I’m driving through the Tenderloin, dodging crazy people who wander into the streets, looking for parking. I have two spots stolen from me, and am heckled on the street as I walk to the venue. But stepping into the Great American Music Hall makes it all go away (as does the bartender’s extremely stiff drink).
I’ve missed the first band, but Helms Alee is setting up as I take my spot at the right corner of the stage. This three piece from Seattle consists of a male guitarist/vocalist, a female bassist/vocalist, and a female drummer. I look around and notice that this crowd is particularly male dominant- and I wonder how well this will go over. The girls are chatting on stage before they start- the bassist comments about how the straps to her shirt keep falling off her shoulder. Hmmm….The band begins playing, their dreamy metal somehow not filling up the venue. The pieces just don’t all fit together- the vocals in particular really bother me. The crowd is being polite…except for this one guy. He keeps yelling, in an English accent I think, “come on now!”, as if that is going to make them perform better. Now, I may not like what I am hearing, but you never, ever do that. The band did a good job of ignoring it. At one point the drummer poured water over her head- just a tiny bit, like a metal baptism. I kept thinking about how it is cool that this fairly beefy guy is in a metal band with two girls, and how I wish I liked it better. Oh well.
I will share a very personal story that will explain why I’ve never seen Isis before, and only recently started listening to them. I had a cat named Isis when I was in my early 20’s. I was also dating and living with this psychotic asshole. He used to hurt my cat when he got mad at me. One day, my cat mysteriously fell ill and I had to put her down at barely over a year old. I have my suspicions. So, I just had a really hard time having any connection to a band I knew I would like simply because I couldn’t bare to be around that name.
Moving on….Isis takes the stage a little after 10pm. They mention that the set is dedicated to their tour manager, who is going through a tough time. As they launch into their first song, I am taken aback by how clean and perfect the sound is. When I go to see a band like this- technical, melodic metal- I always worry a bit that it will sound as good live. Especially in comparison to the previous band, and even in light of my never ideal side of stage and close to a speaker location, their sound is immaculate.
The five piece look as I would expect a technical metal band to look like. Most of them are unassuming, in t-shirts; the lead singer, bearded and looks in need of a meal; and the man behind the electronics, playing the occasional guitar, a young Dio dressed in an Egyptian-esque tunic- the only semblance of a ‘costume’ in the band.
The floor erupts next to me as the boys start slamming into each other. The band is able to gracefully transition from what is almost like metal elevator music in the best possible sense, to very heavy stuff complete with growled vocals. That heckler tries to start his shit again, but somebody shut him up. Most of us are swaying in our spots, geeking out watching these guys geek out on stage.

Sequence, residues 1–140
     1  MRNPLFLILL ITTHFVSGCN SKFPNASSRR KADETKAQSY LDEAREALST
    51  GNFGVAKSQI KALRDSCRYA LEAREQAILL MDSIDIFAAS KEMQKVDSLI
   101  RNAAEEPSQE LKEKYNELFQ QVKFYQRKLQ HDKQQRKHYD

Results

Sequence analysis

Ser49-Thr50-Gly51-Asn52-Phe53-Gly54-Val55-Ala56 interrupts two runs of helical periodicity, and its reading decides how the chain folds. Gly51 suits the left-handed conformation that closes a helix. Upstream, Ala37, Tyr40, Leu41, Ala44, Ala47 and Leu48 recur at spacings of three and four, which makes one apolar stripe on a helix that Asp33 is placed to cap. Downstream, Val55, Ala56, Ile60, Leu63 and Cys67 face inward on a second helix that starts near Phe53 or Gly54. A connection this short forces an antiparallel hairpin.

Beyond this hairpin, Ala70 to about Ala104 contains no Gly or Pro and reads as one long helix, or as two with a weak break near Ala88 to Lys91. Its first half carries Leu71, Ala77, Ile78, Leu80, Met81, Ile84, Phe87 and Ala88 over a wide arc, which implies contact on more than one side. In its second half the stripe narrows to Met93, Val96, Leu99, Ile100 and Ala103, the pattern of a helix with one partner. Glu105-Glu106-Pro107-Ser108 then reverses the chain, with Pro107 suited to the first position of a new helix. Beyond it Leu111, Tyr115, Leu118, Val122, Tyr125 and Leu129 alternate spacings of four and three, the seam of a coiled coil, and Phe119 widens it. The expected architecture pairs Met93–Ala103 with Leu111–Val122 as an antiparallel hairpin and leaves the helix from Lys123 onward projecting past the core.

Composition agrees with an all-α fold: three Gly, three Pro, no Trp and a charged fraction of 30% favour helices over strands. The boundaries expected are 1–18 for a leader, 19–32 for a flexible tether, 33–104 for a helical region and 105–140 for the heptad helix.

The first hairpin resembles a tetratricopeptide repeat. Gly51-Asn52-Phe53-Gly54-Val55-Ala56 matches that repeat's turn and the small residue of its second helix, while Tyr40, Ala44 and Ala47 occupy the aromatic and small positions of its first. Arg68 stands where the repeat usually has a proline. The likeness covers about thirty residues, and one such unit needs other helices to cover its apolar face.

During the second song- ’20 Minutes/40 Years’, one of their heavier songs (and also one of my favorites)- some shirtless guy jumps onstage and looks like he is about to cause trouble. There probably should have been a barrier for this show. He ends up jumping back into the crowd on his own accord.
Aaron Turner can easily maneuver screaming to singing to the point that I thought there might be two people sharing vocal duties. When he sings, he has a velvet voice that sounds oddly similar to the vocalist for 311. It’s pretty impressive. When he plays the guitar, he gets very close to those in the front row, banging his head close to the tops of theirs, as if showing mutual adoration through their metal body language.
If anyone ever doubted that metal can be beautiful, they’ve never heard this band. While comparisons to Mastodon and Tool are abundant, Isis manages to avert any menacing edge, without losing their heaviness. It’s a delicate balance to provide a soundtrack for a positive trip- I was lost in the music, and never drifted into a bad headspace once.
There was a guy in the crowd who kept doing an ear piercing whistle between songs. It was really irritating. He would do it, and then look at his female companion and chuckle. I don’t understand this behavior- is this a football game? No.
I couldn’t help but notice some cute stuffed animal perched on a speaker- a very fat cat or something. It was oddly out of place, but actually made me smile when I noticed it.
They played for about an hour and a half, coming back out to perform ‘Celestial’, my other favorite, for an encore (and thanking the staff of GAMH- these guys seem very nice and polite). Because their songs are all quite long, the set felt short, and I think many of us left wanting more. This is never a bad thing.
Afterward I picked up this beautiful poster to add to my collection.
Isis performance: 9.25/10
Helms Alee performance: 5/10
venue (GAMH): 9.5/10
value ($16.00/ticket): 9.5/10